“I was so big when I was born, my mother won a blue ribbon at the Oklahoma State Fair in 1930. She always told everyone I was born on July 9th, 10th, and 11th! She never would tell anyone how long I was.” 
"The word Okie used to be a dirty word, but I grew to be proud of it. But I think all the Okies, former Okies are proud of what they’ve done in the last 50 years."
"We didn’t eat T-bone very often. It was a good life. Nobody told me any different.”
“My only competitor for the role was a young fellow just starting out as an actor. His name was James Arness. I later learned that I won out only because I came cheaper!”
“Palance won. And everytime I watch the movie on late night TV, he wins again.”

“It’s been a great life, and I’d do the same thing all over again.”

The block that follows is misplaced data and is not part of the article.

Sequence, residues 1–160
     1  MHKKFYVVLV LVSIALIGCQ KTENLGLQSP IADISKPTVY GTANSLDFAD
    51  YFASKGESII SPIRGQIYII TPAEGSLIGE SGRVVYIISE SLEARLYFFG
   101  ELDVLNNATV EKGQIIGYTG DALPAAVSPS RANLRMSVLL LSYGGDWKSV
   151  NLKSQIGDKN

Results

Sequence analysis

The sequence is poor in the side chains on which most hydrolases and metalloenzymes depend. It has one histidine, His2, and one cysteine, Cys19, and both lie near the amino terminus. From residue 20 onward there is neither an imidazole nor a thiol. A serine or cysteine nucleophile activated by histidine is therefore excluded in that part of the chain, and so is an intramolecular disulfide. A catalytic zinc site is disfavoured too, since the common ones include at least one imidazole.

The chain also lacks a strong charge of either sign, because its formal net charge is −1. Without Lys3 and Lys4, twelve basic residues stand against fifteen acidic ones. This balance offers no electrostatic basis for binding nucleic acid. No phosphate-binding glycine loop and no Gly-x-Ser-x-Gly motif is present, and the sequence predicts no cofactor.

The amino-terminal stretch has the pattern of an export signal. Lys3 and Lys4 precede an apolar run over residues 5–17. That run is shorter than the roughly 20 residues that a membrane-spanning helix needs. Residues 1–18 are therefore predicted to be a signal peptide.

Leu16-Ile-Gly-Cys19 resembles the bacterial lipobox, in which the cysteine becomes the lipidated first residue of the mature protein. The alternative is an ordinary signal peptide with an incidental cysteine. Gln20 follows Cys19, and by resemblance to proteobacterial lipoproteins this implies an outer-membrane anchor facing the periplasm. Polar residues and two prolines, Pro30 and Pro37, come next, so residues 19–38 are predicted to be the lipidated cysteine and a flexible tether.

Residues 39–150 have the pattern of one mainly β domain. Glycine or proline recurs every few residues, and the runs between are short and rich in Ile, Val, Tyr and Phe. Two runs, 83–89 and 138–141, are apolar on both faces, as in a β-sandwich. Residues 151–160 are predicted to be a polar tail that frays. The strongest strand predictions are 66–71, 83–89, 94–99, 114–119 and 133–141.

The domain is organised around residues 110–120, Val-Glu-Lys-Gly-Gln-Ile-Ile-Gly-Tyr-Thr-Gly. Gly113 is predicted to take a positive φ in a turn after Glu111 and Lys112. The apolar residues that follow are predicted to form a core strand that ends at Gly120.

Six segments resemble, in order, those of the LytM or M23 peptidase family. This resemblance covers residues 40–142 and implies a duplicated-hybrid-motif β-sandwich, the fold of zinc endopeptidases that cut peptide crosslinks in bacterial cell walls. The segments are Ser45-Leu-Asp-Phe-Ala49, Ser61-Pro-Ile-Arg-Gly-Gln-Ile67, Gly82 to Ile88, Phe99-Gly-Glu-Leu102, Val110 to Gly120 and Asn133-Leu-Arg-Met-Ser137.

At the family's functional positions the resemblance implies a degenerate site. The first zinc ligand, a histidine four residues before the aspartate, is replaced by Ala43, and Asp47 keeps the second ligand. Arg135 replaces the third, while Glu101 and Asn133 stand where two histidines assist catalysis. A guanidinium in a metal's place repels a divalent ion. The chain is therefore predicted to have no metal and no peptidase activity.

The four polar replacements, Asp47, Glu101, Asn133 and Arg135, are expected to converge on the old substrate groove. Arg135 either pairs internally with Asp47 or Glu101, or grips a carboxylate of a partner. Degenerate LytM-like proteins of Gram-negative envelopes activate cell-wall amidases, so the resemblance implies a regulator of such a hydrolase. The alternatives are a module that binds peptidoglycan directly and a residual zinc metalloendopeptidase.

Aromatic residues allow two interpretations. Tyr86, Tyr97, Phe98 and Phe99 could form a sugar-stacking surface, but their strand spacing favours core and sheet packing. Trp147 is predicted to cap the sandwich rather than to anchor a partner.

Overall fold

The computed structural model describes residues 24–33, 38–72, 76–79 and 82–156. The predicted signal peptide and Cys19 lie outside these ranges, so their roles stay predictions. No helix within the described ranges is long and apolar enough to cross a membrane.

“Who would have ever thought that I would ever go to college. My big ambition was to be the tallest peach-picker in Tulare County.”

"I have a lot of empathy for people stuck in poverty. But I also know it’s possible to escape. I had goals and I worked hard to achieve them. If a little barefoot Okie in overalls could do it, then maybe all things are possible.”

Siminess © - Home - Awards & Honors - Timeline - Facts - Quotes - News - Links
Stats - Guestbook - Contact Us - Gallery - Video - Biography - Web Design Fresno